Foreign policy battle between McCain, Rand Paul to hit Senate committee

A battle in the Republican party over how deeply the U.S. should be involved overseas is expected to play out on the Senate Foreign Relations Committee.

Lawmakers of different stripes will find themselves working side-by-side on the panel in the new Congress.

Two of the Senate panel’s incoming members — Sens. John McCainJohn McCainMcCain granddaughter comes out in support of Clinton With reservations, moving toward Hillary Clinton FULL SPEECH: Hillary Clinton closes out Democratic convention MORE (R-Ariz.) and Rand PaulRand PaulGreen party candidate: People have 'real questions' about vaccines What to watch for on Day 2 at the GOP convention Cyber squatters sitting on valuable VP web addresses MORE (R-Ky.) — embody the clash over America’s proper role in the world.

ADVERTISEMENT
“I think there are going to be some tensions within our party,” McCain presciently predicted in November 2010 after Paul's election. “I worry a lot about the rise of protectionism and isolationism in the Republican Party.”

Paul has bristled at that description – he’s said calling him an ‘isolationist’ “is about as accurate or appropriate as calling Senator McCain an ‘imperialist' ” – but has since proposed defense and foreign aid cuts that have infuriated McCain.

Paul may not be the only Republican target of McCain's well-documented ire.

While the top Republican on the Senate Armed Services Committee has led the charge for a forceful U.S. intervention in Syria, his incoming counterpart on the Senate Foreign Relations panel has at times appeared even less eager than President Obama about getting drawn into a conflict that has left more than 60,000 people dead over the past 22 months.

“There is much discussion here about the U.S. arming the Free Syrian Army to deal with Syrian aircraft,” Sen. Bob CorkerBob CorkerTrump starts considering Cabinet Trump's secret weapon is Ivanka Senate Dems introduce Iran sanctions extension MORE (R-Tenn.), the ranking Republican on the panel, told reporters after returning from a trip to the Turkish border in September. “And while that may end up being the right course of action, their current loose alignment and lack of cohesiveness could make it a very problematic decision in the long run.”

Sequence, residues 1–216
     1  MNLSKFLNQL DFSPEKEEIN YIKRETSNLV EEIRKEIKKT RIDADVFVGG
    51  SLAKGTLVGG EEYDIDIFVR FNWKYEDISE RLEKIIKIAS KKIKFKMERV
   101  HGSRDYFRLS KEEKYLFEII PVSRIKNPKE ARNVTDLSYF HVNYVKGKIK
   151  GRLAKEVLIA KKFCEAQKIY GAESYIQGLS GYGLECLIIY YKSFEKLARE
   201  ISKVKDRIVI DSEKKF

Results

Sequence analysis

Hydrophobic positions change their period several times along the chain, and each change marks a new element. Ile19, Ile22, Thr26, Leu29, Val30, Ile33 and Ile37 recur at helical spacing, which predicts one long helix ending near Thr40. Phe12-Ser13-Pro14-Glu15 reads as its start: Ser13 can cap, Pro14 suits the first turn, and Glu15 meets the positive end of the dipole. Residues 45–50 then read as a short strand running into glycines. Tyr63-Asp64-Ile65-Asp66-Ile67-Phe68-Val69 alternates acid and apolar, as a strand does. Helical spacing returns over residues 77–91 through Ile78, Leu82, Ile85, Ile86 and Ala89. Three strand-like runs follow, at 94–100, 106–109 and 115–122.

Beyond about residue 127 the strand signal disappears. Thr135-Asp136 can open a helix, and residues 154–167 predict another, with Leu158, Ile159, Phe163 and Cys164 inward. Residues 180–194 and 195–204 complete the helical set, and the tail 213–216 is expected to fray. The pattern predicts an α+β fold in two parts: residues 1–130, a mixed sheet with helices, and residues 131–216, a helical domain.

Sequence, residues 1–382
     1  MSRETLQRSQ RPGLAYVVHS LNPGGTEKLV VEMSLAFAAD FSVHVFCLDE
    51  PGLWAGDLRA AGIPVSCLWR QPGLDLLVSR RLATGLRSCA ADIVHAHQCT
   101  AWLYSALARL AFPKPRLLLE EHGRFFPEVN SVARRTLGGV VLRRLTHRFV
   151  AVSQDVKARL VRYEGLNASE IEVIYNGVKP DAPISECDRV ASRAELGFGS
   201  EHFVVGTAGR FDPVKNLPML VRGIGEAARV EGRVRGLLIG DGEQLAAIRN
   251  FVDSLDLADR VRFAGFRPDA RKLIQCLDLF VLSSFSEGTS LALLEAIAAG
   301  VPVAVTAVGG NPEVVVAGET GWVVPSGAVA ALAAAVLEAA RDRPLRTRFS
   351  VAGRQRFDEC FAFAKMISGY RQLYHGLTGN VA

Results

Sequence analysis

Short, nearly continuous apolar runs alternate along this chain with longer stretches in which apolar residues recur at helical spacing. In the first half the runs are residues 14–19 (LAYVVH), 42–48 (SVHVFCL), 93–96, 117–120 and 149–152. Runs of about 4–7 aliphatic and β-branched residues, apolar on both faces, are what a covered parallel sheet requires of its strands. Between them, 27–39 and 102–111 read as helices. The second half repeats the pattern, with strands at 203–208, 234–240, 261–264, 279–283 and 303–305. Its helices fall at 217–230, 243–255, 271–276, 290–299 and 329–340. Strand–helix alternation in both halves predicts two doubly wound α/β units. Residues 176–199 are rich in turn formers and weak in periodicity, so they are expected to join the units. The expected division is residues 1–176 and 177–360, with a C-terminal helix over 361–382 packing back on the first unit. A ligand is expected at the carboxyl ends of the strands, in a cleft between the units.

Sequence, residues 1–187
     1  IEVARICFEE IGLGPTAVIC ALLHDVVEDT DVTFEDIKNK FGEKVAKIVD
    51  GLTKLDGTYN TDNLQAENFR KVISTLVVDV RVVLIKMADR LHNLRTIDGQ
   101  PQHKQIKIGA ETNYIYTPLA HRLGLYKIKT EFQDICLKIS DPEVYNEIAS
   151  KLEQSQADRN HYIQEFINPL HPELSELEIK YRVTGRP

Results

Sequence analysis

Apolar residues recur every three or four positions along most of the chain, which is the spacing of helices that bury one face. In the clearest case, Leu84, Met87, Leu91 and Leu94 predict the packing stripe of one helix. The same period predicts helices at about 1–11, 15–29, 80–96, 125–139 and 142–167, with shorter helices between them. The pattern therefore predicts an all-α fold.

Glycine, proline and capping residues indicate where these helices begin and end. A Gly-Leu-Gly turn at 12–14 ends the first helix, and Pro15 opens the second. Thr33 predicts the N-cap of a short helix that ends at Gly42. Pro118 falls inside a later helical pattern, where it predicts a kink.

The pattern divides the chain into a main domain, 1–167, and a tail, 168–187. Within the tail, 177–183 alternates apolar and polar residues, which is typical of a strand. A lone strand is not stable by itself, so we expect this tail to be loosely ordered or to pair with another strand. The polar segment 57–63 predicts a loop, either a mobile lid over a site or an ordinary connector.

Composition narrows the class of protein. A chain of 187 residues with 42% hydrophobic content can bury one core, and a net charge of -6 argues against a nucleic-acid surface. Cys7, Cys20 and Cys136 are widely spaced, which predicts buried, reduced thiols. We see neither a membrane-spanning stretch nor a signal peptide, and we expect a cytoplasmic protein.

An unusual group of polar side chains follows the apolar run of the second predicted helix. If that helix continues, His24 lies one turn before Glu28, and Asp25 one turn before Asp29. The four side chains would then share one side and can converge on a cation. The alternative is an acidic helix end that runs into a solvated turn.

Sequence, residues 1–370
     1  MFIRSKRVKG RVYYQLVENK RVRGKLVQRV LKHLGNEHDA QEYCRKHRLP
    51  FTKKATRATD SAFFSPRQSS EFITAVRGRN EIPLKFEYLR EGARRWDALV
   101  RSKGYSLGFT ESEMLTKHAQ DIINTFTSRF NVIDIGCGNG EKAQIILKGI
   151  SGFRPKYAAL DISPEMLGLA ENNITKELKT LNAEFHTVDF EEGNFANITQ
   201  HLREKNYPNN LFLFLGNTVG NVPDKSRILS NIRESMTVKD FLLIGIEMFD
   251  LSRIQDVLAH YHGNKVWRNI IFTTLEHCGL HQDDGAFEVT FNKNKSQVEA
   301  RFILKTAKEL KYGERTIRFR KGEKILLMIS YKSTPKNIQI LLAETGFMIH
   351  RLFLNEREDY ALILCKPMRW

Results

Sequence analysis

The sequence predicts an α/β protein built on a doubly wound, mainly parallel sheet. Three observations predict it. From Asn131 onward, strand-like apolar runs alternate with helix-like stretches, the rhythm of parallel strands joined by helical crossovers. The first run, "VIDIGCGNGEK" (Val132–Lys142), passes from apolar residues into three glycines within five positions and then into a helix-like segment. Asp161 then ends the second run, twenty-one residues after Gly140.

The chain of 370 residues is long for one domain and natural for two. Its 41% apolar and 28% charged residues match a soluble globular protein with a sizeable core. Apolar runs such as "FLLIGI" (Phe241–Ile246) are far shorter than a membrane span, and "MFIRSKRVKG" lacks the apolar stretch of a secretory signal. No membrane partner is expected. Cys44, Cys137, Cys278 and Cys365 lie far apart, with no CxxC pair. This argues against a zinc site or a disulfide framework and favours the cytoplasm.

Altogether, five out of the nine Republicans who served on the panel in the last Congress won't be returning, including Sen. Richard Lugar (R-Ind.), a long-time centrist Republican leader on foreign policy. Sens. Ron JohnsonRon JohnsonSanders could be secret weapon for Dems The Trail 2016: The newrevolution begins Greens launch M ad buy in Wis. Senate race MORE (R-Wis.) and Jeff FlakeJeff FlakeVulnerable GOP senators praise Kaine GOP Sen. Flake offers Trump rare praise Booker denounces ‘lock her up' chants MORE (R-Ariz.), another foreign aid foe, are joining the committee along with Paul and McCain.

Democrats are seeing less movement but will lose their chairman, Sen. John KerryJohn KerryA new president, a new North Korea strategy Trump hopes Russia is listening; America, are you listening? Clinton at risk of being upstaged MORE (D-Mass.), if as expected the Senate approves his nomination for secretary of State.

He will be replaced by Sen. Robert MenendezRobert MenendezTim Kaine backs call to boost funding for Israeli missile defense GMO labeling bill advances in the Senate over Dem objections Overnight Finance: Trump threatens NAFTA withdrawal | Senate poised for crucial Puerto Rico vote | Ryan calls for UK trade deal | Senate Dems block Zika funding deal MORE (D-N.J.), who has bucked the White House on Cuba and Iran and called for a tougher stance. The committee loses Sens. Dick DurbinDick DurbinSyria activists cheer Kaine pick Democratic National Convention event calendar Opioid package clears key Senate hurdle MORE (D-Ill.) and Jim Webb (D-Va.), who opposed the military operation in Libya, in favor of freshmen Chris MurphyChris MurphyThe Hill's 12:30 Report Kaine as Clinton's VP pick sells out progressive wing of party Sen. Murphy: Trump's stance on guns 'sinister' MORE (D-Conn.) and Tim KaineTim KainePentagon will strike rebranded Nusra Front after split from al Qaeda GOP senator’s camp to woo Clinton fans Clinton, Kaine blast GOP convention MORE (D-Va.).